[Strawbale] The Straw Stuff (GSBN Digest, Vol 35, Issue 6)
ArchiLogic at yahoo...
Wed Mar 9 00:46:53 CET 2011
On Sun, 06 Mar 2011 00:16:17 -0500
From: Chris Magwood
Subject: [GSBN] The Straw Stuff
> double stud framing system and using thin wood lath on the studs
> stuff the cavity with dry straw instead slip-straw.
> The wall was 12-inches deep (as was the straw/clay wall).
> placed about 18-inches of lath at a time and then packed in the dry
> So can anybody think of a reason why this might not be a good idea?
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Since this method really doesn't utilise any of the unique properties of
the straw, I had to wonder why one wouldn't simply fill the framing cavity
with blown-in dense-pack cellulose and skip the futzing about with the
labour-intensive lath strips(which don't contribute anything to in-plane
shear resistance as the more typical panel sheathing would) ) /manual
straw packing ?
12 inches of straw would yield a wall of unacceptably low (for Canada)
thermal resistance, hardly justifying
consumption of lumber for a double-stud framing system to contain it.
If one is going to be manually packing loose straw anyway, it would seem
to make more sense to pack the straw into rectangular mesh sacks and then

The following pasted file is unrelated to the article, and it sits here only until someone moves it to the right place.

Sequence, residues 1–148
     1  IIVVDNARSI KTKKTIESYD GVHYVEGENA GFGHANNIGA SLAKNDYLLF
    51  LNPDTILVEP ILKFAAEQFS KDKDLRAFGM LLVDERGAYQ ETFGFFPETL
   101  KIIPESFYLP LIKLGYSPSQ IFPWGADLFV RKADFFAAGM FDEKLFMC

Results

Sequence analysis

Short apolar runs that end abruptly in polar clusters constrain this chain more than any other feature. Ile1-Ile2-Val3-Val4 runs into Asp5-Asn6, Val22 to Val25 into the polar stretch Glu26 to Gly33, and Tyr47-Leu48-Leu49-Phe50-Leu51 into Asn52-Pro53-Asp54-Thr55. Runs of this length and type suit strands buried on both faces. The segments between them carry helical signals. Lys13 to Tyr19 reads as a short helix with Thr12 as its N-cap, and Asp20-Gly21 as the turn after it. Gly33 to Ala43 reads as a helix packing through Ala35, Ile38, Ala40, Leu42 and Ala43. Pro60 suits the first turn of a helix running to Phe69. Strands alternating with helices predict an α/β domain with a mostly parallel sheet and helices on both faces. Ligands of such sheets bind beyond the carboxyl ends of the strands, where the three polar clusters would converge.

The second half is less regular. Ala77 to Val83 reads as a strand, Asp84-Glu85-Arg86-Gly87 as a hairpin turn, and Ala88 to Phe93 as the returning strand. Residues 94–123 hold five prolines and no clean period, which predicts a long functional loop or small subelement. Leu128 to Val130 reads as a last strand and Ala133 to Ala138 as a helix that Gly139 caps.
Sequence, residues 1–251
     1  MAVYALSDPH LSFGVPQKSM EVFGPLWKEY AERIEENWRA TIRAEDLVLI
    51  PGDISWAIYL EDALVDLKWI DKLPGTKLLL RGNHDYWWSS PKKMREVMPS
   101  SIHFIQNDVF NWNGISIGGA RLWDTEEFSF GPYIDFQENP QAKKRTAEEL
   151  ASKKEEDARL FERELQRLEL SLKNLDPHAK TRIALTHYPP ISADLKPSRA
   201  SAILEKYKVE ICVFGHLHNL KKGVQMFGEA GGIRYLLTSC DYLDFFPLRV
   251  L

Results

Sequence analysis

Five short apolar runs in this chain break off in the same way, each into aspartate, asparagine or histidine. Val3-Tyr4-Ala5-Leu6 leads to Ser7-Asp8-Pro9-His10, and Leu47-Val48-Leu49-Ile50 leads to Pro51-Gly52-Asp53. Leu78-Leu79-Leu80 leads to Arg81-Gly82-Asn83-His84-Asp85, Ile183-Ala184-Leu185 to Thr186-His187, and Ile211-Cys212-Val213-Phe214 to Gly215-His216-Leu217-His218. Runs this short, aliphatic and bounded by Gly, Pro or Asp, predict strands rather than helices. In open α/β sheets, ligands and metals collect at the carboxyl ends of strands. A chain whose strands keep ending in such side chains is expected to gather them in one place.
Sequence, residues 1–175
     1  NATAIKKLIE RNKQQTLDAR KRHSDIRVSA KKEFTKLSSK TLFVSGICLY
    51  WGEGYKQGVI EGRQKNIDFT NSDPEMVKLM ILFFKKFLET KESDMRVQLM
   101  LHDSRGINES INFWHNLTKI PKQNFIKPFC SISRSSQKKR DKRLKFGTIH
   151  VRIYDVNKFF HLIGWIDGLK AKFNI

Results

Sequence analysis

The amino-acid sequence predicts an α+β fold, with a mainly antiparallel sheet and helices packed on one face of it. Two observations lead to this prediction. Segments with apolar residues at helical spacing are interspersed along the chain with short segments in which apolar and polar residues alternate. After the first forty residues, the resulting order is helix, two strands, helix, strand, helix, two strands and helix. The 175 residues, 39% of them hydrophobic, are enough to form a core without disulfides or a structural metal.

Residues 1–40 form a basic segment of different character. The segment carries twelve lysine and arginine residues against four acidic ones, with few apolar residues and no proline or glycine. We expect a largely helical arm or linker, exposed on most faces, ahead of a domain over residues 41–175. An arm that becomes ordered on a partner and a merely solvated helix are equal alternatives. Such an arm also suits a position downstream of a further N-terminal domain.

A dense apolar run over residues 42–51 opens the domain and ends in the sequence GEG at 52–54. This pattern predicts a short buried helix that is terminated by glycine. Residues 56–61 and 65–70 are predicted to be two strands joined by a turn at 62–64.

clip the sacks-o-straw (aka "bales") together into a panel which could
either be plastered horizontally (ie a pre-cast sandwich panel) and then
tilted up ...or plastered in the typical vertical position (not unlike the
system developed by Internatural Canada back in 1996 and described in a
report to CMHC* "Proof-of-Concept Development and Testing of the Biocrete
House Construction System (March 1996)"
The sacks-o-straw could be packed super dense so that when they are
removed from the compression rig (a box with a lever-operated compression
plate at one end) they would puff up some, essentially pre-stressing the
mesh sack before plastering.
I think that small bale-sized sacks would make more sense than simply
making each sack mattress-sized because the sides of the smaller sacks
would provide through-the-wall ties eliminating the need for stitching or
The bottom line is that the lumber for the double-stud framing system
would become redundant (and hence could be eliminated) rather than the
straw being the redundant element and a candidate for replacement by the
more suitable dense-pack cellulose.
*CMHC = Canada Mortgage and Housing Corp (for the benefit of non
=== * ===
Kanata, Ontario, Canada
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